A fourth reason is Docker’s layered file system. Starting from a base image, every change you make to a container or image becomes a new layer in the file system. As a result, file system layers are cached, reducing the number of repetitive steps during the Docker build process AND reducing the time it takes to upload and download similar images. It also allows you to save the container state if, for example, you need troubleshoot why a container is failing. The file system layers are like Git, but at the file system level. Each Docker image is a particular combination of layers in the same way that each Git branch is a particular combination of commits.
The biggest barrier is current knowledge base. Some developers might not fully understand Docker’s utility or simplicity and might think it’s more complicated than it really is. They may also have other tools in their tool belt, such as Vagrant (a local virtualization technology), virtual servers or Amazon Machine Images (AMIs).
Along those lines, the time needed for hands-on experimentation can be hard to come by. Developers often don’t have the available time or bandwidth to allocate engineering cycles to something new, especially when they already have a working solution. Understandably, they would rather spend time developing their product.
On top of that, it takes a mind shift to translate a current development solution into a Dockerized development solution. For example, if you think of Docker as a virtual machine or a Vagrant machine, you might want to cram a lot of things in it (e.g., services, monitoring software and your application). That would be a mistake. You don’t put many things into a Docker image; instead, you use many Docker containers to achieve the full stack.
In other words, for development you can keep your supporting service containers separate from your application container, and they can all be running on different operating systems and versions while being linked together.
And while you might have extensive experience in implementing AMI-based approaches, you might not have a conceptual understanding of how containers themselves work and behave. A key principle of Docker is that an image doesn’t change. To make changes, you’ll create a new image, which may have the same name and tag. Unlike a virtual machine where every command you run may change the starting point of the next command, with Docker the image never changes, giving you an immutable starting point each time you run the image and the confidence that it will do the same thing each time you run it – no matter where you run it.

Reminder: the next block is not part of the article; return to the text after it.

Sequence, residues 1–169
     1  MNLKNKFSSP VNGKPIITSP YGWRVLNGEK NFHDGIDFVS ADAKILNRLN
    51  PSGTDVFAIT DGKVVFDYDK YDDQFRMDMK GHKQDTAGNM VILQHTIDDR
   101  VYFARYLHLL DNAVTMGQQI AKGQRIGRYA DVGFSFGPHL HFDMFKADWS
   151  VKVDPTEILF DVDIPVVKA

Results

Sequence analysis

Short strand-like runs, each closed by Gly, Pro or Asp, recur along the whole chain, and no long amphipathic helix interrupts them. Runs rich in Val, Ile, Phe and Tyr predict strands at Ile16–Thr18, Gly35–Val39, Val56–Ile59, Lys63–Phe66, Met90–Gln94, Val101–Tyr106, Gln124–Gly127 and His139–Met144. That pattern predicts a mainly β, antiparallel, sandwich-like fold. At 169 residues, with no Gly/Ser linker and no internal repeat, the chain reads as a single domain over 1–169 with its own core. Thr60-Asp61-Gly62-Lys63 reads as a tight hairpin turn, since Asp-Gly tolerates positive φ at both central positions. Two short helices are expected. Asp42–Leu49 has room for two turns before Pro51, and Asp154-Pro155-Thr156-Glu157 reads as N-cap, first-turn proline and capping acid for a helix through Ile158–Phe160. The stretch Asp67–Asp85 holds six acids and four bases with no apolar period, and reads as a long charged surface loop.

Think about a common local development tool like Vagrant. Vagrant mimics your production server, but you may end up with version, supporting technology or network differences. When you put your application in a container, the virtual machine the container’s running on becomes irrelevant, and the container itself is your build artifact.
When you have your application in a Docker container, you can be sure that the code you’re testing locally is exactly the same build artifact that goes into production. There are no changes in application runtime environments. That makes Docker an exceptional tool all the way from development through production.
And, fortunately, Docker isn’t too hard to learn. It’s easy to play with, and the learning curve is relatively small.
So why might it seem hard to use? Probably because you haven’t had the chance to try it yet. In my next blog post, I’ll share some basic Docker commands to get you past the starting gate.